Cutting down a few trees in our own yard – we once had some very rude neighbors. They would say things like this to us, “We don’t consider it our yard and your yard; we consider it one big yard.” Uh-huh. Affirmative. Well, our parents were thinning out some trees on our property because they were getting overcrowded and sick as they were planted too close together by the previous owner.  Our parents cut down every other tree. Big mistake. That was unacceptable to our neighbors as our yard was also their yard. It was always interesting to all of us that their yard was not our yard as well.

We sometimes tell the dentists that we don’t want x-rays and that we can get them next time – you’d think it was a criminal offense. We understand that dentists get sued and that this is what they are scared of. They certainly couldn’t care less if you get a cavity between your teeth – at least we’re pretty sure our dentist couldn’t care less. Besides, even if he did care, he wouldn’t get angry about the x-rays; he’d just talk to us. But come on, you sign a waver form and we get x-rays on every other visit. Not good enough. It is horrendous every time we suggest that we do not want them to take x-rays.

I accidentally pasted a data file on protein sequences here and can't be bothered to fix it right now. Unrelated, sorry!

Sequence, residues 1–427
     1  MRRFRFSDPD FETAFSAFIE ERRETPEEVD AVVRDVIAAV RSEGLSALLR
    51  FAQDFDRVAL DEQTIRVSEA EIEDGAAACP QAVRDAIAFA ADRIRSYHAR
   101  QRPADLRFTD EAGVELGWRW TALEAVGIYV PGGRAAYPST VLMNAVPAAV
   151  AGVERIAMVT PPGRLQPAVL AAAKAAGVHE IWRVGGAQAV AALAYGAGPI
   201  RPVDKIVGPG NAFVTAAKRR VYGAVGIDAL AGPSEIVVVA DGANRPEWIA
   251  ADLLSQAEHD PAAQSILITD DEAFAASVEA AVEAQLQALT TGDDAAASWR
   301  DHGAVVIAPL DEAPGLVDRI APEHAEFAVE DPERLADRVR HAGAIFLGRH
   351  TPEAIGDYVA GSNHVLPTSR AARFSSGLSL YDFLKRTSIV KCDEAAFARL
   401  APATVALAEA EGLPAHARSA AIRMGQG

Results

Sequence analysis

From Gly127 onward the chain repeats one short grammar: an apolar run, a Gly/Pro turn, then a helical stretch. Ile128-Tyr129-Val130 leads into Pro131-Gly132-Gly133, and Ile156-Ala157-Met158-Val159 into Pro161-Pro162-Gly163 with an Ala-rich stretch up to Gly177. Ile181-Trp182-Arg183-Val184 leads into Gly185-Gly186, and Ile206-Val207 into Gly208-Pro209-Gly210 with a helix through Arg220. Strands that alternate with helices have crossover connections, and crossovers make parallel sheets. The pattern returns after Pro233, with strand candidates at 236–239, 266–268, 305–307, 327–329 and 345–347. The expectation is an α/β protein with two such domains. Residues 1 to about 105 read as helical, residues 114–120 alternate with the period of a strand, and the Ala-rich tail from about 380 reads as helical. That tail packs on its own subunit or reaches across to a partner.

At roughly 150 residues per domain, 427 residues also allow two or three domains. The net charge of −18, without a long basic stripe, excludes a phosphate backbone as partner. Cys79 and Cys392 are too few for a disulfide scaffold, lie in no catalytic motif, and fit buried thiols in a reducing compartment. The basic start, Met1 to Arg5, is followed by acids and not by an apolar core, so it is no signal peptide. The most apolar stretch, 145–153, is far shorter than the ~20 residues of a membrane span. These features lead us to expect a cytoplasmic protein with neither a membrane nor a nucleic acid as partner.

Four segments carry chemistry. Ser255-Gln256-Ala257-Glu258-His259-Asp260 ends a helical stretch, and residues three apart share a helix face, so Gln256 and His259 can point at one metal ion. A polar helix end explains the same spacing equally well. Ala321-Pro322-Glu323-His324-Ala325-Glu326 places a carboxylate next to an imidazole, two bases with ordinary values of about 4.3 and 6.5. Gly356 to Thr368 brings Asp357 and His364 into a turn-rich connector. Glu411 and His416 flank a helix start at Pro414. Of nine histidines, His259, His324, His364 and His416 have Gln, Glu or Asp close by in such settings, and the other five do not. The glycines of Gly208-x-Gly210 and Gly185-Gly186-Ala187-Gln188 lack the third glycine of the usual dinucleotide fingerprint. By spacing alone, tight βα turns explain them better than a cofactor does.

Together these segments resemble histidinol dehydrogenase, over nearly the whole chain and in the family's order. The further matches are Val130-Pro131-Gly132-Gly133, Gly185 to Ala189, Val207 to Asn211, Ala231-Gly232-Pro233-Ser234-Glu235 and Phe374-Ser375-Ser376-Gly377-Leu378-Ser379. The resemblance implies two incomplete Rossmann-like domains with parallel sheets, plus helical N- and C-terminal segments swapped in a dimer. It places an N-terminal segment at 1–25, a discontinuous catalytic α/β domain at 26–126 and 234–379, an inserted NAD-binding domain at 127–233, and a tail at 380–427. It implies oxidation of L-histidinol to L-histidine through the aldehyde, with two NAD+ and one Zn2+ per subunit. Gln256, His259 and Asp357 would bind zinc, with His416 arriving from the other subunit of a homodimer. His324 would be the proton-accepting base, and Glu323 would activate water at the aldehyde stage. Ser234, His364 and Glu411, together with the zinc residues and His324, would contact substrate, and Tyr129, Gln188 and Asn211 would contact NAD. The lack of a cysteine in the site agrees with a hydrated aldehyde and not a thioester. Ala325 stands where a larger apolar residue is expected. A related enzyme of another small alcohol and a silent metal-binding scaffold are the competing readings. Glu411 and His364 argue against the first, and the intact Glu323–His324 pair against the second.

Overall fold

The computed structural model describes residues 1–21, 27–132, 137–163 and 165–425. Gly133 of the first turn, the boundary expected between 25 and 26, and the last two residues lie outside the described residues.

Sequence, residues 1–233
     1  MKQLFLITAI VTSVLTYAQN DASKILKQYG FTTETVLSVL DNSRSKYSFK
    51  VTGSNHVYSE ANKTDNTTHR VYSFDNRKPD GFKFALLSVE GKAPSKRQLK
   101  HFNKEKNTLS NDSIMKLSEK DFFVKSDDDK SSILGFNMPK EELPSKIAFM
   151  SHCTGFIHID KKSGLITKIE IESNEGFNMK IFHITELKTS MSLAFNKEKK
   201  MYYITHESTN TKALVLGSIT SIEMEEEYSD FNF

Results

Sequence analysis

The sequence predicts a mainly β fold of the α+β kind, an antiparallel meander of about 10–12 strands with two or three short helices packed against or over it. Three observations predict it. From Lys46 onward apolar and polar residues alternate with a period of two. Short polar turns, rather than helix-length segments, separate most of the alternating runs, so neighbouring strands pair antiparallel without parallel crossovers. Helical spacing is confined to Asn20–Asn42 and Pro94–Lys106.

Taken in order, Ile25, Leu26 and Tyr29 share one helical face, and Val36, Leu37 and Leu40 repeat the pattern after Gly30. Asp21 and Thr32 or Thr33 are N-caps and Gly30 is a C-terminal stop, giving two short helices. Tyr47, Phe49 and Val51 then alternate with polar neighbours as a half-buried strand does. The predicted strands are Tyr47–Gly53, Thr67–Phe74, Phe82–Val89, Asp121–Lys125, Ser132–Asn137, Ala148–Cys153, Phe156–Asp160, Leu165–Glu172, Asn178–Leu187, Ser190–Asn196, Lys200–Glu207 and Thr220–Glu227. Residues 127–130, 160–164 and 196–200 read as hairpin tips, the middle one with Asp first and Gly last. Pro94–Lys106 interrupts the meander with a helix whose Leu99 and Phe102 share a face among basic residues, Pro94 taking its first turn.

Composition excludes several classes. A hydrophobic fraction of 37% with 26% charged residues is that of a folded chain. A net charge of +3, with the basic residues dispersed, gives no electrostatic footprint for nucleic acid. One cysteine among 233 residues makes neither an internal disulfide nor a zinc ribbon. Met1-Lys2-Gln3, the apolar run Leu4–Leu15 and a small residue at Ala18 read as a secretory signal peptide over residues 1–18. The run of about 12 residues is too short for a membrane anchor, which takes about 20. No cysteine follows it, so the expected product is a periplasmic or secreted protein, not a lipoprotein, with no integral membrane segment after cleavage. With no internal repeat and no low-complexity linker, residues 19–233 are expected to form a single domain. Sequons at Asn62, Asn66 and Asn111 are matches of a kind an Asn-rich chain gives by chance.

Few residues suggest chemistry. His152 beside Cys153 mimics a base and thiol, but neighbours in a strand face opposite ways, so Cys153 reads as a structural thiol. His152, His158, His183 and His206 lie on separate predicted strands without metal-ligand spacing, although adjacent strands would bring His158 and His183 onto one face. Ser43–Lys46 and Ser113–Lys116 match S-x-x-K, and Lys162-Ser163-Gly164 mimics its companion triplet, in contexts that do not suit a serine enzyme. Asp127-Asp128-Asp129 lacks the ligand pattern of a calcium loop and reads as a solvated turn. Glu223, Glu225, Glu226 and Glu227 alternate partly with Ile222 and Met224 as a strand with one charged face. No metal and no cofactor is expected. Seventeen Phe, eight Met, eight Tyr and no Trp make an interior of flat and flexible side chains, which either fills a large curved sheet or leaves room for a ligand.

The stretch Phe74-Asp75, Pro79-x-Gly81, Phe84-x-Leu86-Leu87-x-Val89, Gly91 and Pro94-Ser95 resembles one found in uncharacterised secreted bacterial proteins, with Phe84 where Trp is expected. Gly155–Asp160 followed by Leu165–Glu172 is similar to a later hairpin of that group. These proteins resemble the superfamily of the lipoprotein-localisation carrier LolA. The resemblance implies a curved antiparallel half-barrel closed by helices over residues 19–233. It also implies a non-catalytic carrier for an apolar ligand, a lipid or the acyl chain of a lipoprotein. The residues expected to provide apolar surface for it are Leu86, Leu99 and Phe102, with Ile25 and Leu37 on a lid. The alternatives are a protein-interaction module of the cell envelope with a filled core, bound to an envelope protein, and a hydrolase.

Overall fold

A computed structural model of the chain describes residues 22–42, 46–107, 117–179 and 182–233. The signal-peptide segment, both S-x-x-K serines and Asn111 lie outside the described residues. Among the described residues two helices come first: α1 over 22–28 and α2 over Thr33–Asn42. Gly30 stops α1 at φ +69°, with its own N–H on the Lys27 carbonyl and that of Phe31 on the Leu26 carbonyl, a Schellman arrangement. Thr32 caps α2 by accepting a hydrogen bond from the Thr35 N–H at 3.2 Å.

So it does seem like it is rather easy to offend people, adult people, and they usually let you know that you have caused them great discomfort. What ever happened to live-and-let-live and mind-your-own-business?

So what unpardonable sins have you caught people committing?

This year we planted beans from the survival kit our parents just had around. They are a kind of bush bean called Spike. We weren’t convinced any of these seeds were going to germinate, so instead of putting 2-3 seeds in holes spaced nicely down a row, we just sowed them down the row. Every 2-3 yards or so, we put in a couple of marigold plants too. We try to remember to plant marigolds amongst our beans to keep the bugs away and they work great.